And now for our next segment, Bookmarked. Saheli, do you have any recommendations?
SW: Yep, I do. So this week I’m recommending ‘Dreaming of Words,’ which is a documentary film released in 2021. It was directed by Nandan, a filmmaker from Bangalore. The documentary follows Sreedharan, who is described as a fourth-standard dropout, who spent 25 years compiling a dictionary that offers a comparative study of Malayalam, Kannada, Tamil and Telugu. In the documentary, Sreehdaran describes why he undertook the project in the first place, how he went about it, and the issues he faced in trying to get it published. It also shows some insights into his life, starting from when he dropped out of school and started working in a beedi factory, which I found really interesting actually, because this is where he became interested in reading and learning in the first place, after listening to discussions on books and newspapers while working in the factory. So the process of making the dictionary and undertaking the project in the first place, which Sreedharan discusses, shows how intelligent he is. But the fact that the lack of formal education really added to the difficulty of getting this dictionary published was quite sad, really.
RW: Yeah, I really enjoyed watching this documentary, and I think the part that really stuck out the most to me was a line where somebody was talking about how language is also very much about culture. The process that he actually undertook, where he actually travelled by himself and on his own expense across different states and stayed with people and asked them to teach him the language, and how he would take as much as five or six years to source the translation of a word in different languages, it really shows how much effort he took to understand not just the technical part, but also the cultural kind of aspects that feed into language. I thought that was really fascinating, and after all of the effort that he took, which was so many years in the making, the fact that he doesn’t have social standing because he’s a high school dropout and because there’s a class difference meant that they didn’t really take his effort seriously, and there were these excuses like, oh, you know, the subsequent book will be too huge to be printed. And the attempt to kind of restrict it given that what he was trying to do was really translate it across the languages and to show the common kind of Dravidian roots in the language. And the fact he was able to kind of make that connection without any formal schooling and just out of his own interest and passion, I thought was really admirable.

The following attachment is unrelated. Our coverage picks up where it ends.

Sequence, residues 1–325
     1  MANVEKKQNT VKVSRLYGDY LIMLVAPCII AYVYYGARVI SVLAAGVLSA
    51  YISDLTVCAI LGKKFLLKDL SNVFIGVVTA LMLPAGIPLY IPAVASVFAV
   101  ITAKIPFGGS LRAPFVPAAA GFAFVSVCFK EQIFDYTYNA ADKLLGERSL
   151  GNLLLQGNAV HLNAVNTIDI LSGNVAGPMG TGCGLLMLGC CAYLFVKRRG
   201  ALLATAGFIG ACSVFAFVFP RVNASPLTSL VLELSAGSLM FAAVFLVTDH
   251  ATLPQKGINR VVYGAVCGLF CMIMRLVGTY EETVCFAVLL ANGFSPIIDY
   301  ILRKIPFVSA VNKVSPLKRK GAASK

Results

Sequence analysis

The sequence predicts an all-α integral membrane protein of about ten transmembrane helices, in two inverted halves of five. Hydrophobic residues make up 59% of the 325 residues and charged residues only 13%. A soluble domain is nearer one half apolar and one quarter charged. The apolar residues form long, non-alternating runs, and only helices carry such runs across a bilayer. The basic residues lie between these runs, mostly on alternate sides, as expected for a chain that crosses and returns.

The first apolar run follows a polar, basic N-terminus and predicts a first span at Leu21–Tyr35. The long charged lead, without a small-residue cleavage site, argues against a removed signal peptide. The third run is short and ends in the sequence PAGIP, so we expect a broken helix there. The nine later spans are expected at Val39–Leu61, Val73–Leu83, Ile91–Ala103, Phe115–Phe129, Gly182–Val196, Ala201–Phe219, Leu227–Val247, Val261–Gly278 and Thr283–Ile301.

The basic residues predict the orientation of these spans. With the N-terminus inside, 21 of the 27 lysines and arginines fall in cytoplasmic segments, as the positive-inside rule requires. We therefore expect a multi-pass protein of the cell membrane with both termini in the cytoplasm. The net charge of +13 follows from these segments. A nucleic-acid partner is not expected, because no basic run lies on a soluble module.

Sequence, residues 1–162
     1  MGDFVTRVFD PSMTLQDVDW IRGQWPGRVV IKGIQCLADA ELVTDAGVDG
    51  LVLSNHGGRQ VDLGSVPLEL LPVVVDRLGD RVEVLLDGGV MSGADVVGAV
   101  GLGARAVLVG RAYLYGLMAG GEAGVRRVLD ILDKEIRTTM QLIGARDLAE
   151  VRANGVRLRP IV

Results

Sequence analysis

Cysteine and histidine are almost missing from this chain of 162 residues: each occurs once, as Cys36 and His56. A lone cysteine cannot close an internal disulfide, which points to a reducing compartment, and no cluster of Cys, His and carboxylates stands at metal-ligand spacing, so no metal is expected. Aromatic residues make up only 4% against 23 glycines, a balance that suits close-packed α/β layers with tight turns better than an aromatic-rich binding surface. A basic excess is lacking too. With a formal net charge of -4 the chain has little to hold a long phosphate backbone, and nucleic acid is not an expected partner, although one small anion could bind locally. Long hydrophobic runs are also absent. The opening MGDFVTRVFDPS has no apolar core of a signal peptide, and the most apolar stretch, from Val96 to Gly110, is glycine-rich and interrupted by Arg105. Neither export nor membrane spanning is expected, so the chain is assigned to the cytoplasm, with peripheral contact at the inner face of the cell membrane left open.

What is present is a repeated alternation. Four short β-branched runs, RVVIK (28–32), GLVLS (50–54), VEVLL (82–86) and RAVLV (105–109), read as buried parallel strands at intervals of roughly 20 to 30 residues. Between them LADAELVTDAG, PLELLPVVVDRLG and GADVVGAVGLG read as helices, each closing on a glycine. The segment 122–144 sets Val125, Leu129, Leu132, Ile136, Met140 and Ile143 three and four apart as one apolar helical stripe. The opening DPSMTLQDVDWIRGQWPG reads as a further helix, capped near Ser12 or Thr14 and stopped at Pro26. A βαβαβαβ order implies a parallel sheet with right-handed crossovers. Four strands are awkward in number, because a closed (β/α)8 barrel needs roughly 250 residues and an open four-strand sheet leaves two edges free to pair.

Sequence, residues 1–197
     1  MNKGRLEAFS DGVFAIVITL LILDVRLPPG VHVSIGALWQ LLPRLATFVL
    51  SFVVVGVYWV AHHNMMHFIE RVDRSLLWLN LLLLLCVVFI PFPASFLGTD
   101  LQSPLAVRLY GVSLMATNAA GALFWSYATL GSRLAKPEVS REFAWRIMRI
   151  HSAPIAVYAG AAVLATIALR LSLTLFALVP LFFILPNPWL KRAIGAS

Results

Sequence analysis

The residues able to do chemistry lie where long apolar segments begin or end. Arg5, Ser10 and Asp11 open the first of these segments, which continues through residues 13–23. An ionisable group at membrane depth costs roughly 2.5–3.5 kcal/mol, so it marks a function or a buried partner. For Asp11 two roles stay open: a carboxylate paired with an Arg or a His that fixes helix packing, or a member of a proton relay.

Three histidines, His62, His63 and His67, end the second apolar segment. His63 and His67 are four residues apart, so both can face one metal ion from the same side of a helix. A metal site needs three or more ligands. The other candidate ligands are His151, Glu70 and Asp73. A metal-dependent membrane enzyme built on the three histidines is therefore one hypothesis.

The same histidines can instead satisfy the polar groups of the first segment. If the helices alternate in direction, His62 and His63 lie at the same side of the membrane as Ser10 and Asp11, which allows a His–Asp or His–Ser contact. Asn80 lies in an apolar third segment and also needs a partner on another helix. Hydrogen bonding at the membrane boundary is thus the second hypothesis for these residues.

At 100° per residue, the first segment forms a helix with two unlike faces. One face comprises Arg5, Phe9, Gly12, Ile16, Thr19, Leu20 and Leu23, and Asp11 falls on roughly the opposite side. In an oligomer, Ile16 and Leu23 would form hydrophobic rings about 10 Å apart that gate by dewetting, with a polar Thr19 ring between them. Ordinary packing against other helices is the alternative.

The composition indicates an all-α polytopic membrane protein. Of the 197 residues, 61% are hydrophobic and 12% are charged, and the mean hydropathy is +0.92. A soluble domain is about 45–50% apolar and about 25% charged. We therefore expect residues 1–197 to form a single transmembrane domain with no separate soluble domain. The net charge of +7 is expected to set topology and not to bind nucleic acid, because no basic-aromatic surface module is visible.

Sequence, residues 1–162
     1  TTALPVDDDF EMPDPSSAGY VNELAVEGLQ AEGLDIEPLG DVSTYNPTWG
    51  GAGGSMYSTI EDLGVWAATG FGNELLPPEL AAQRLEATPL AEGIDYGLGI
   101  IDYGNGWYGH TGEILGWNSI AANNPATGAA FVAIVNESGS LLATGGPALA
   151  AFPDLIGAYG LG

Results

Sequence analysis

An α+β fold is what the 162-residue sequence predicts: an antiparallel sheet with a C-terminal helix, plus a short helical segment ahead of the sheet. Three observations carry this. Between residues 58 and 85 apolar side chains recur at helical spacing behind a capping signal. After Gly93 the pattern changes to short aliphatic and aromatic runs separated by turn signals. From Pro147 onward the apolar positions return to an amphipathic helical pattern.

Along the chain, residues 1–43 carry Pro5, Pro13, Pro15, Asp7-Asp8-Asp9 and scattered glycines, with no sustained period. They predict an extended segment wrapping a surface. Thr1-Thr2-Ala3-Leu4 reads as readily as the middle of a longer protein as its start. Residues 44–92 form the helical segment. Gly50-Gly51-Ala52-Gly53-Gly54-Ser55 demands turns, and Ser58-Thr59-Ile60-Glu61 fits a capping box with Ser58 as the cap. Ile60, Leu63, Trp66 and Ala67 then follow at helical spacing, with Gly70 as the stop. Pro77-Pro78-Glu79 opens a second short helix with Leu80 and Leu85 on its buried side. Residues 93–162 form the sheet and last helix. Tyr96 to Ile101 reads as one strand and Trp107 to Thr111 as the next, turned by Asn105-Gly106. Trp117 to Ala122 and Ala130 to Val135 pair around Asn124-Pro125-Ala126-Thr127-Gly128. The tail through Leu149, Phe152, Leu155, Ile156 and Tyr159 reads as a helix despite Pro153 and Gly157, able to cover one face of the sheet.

SW: I’m glad that the documentary is highlighting his work because I think it’s important that he does get the recognition. And the documentary was recently uploaded on YouTube with English subtitles. It’s a really fascinating watch, and I fully recommend it, so do check it out. It’s linked in the episode notes.
RW: And on that note, that’s it for this edition of Southasiasphere. Bye!